I have recently had an interesting e-mail conversation with Tom Meli. We were discussing part of a recent paper by Tom Dickins (TD) and I. The overall thesis TD and I advanced was that recent attempts to construct heterodox evolutionary theories, at odds with the New Synthesis, are failing because natural selection is both necessary and sufficient to explain design. In our view, many forms of heterodox argumentation founder because they tacitly assume that selection is not necessary (see our paper for detail). But the existence of all sorts of complex ecological interactions, which might be expected to create novel evolutionary outcomes, seems to undermine our claim that natural selection is sufficient. Taking an orthodox example, the Red Queen hypothesis shows how host-parasite interactions can provide selection pressures required for the evolution of sex.
The original Red Queen hypothesis is named after the character in Lewis Carroll’s “Through the Looking Glass” who had to run constantly to stay in the same place, and posits a cyclical change between two or more resistance alleles in a population of hosts that is caused by and causes a lagged cycle of cognate virulence alleles in parasites. In a cyclical “arms race” of this sort either participant (hosts or parasites) can benefit by producing varied offspring and sex is one way to achieve this. Modern versions include the idea that, since parents bequeath parasites to offspring, there is an added incentive for producing varied offspring: dissimilarity from the parents abrogates what would otherwise be a head-start for an evolving parasite population in any given offspring (Agrawal, 2006). Now while selection may be necessary in this example it is surely illegitimate to state that it is sufficient. Host-parasite interactions, and perhaps a kind of extra-genetic inheritance, are also required (see our paper for a discussion of the role of non-genetic inheritance).
Tom Meli’s question also relates to our sufficiency claim. He wanted to know why we were critical of the niche constructionist perspective. Crudely niche construction is described as a kind of feedback process in which an organism’s impact on its environment alters conditions in such a way that the selection pressures on the organism change. In common with the Red Queen, this does not shun a necessary role for selection and the claim that niche construction is a “neglected process in evolution” (Odling-Smee et al., 2003) doesn’t in itself amount to the claim that natural selection is unnecessary. No indeed, although, to be fair, TD and I did believe this was implied; but I believe our sufficiency claim is justified and that niche construction falls foul of it.
The reason for this is that we are talking about necessity and sufficiency of selection for design. Here design means the adaptive fit between an organism and its environment. In the Red Queen, the environment is a rapidly (and cyclically) changing one and selection provides a solution: sex. Sex should only be considered a design in respect of those particular selection pressures to which it represents a solution and not outside this context. We are not claiming that selection is necessary and sufficient for any biological feature in any context. Indeed half the explanatory battle is to reveal the sorts of dynamics in response to which one may consider a feature a design.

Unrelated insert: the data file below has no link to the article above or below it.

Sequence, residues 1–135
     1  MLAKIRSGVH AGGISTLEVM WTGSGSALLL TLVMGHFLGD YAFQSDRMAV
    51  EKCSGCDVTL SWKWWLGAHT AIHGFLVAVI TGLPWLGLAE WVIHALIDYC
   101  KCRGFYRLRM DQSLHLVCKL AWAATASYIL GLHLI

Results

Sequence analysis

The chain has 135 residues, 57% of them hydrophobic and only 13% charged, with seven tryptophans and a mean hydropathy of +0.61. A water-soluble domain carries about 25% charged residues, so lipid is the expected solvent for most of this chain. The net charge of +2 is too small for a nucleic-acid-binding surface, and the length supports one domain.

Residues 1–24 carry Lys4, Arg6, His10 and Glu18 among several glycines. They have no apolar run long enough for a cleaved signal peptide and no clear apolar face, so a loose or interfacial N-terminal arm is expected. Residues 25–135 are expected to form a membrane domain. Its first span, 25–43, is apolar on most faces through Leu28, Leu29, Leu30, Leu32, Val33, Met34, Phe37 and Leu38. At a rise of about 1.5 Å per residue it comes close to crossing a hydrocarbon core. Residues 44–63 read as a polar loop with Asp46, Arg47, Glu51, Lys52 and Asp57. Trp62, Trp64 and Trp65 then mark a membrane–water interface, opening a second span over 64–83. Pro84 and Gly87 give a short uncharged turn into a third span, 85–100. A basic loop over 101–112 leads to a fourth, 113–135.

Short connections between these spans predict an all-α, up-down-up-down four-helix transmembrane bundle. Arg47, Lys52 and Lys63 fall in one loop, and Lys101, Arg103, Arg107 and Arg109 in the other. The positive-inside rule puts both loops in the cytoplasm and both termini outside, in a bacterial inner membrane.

This argument can be extended by considering the nature of niche construction in more detail. Niche construction is not a kind of selection, but perhaps it is a kind of ecological process. TD and I are sceptical of this. The dynamics captured by niche construction can be split into different kinds. This is also true of the Red Queen, but these dynamics are instrumentally lumped together as those that create an advantage for high genetic variance in offspring (note that the Red Queen is not the only theory and that broader lumping is perhaps more productive: see West et al., 1999). The evolutionary consequences of niche construction seem more varied than this and it is not clear what it causes selection for.
Another comparison is to sex itself. While both sex and niche construction are consequences of selection, they also lead to different kinds of selection, the former being a pre-requisite for sexual selection and the latter, for natural selection. Here is a hierarchy of concepts with sex and niche construction at a higher level and sexual and natural selection at the lower level. Sex is easily defined as the presence of two or more self-incompatible mating types and, among other things, this can lead to a kind of selection that is characterised by a different mechanism from natural selection. Traditionally female choice is the agent of selection in sexual selection and differential survival, in natural selection. Because both kinds of selection entail differential reproductive success they can be lumped together, but they do show differences in mechanism. Although selection resulting from niche construction is different from sexual selection it is not clear how it mechanistically differs from any other kind of natural selection resulting from, say, high temperature or overcrowding.
So niche construction is hard to define in itself (cf. sex), in terms of the kind or mechanism of selection that results (cf. sex) or in terms of what it causes selection for (cf. the Red Queen). This is not to say that the various dynamics lumped together under niche construction do not have consequences for evolutionary outcomes. It is just the lumping we object to, as it doesn’t appear to serve any useful purpose. We believe the fact that a set of difficult to model feedback processes are important in evolution does not justify their elevation to the status of a singular and neglected process.
Postnote: This is an extension of a debate with Tom Meli, so please read the comments to hear his side of the argument…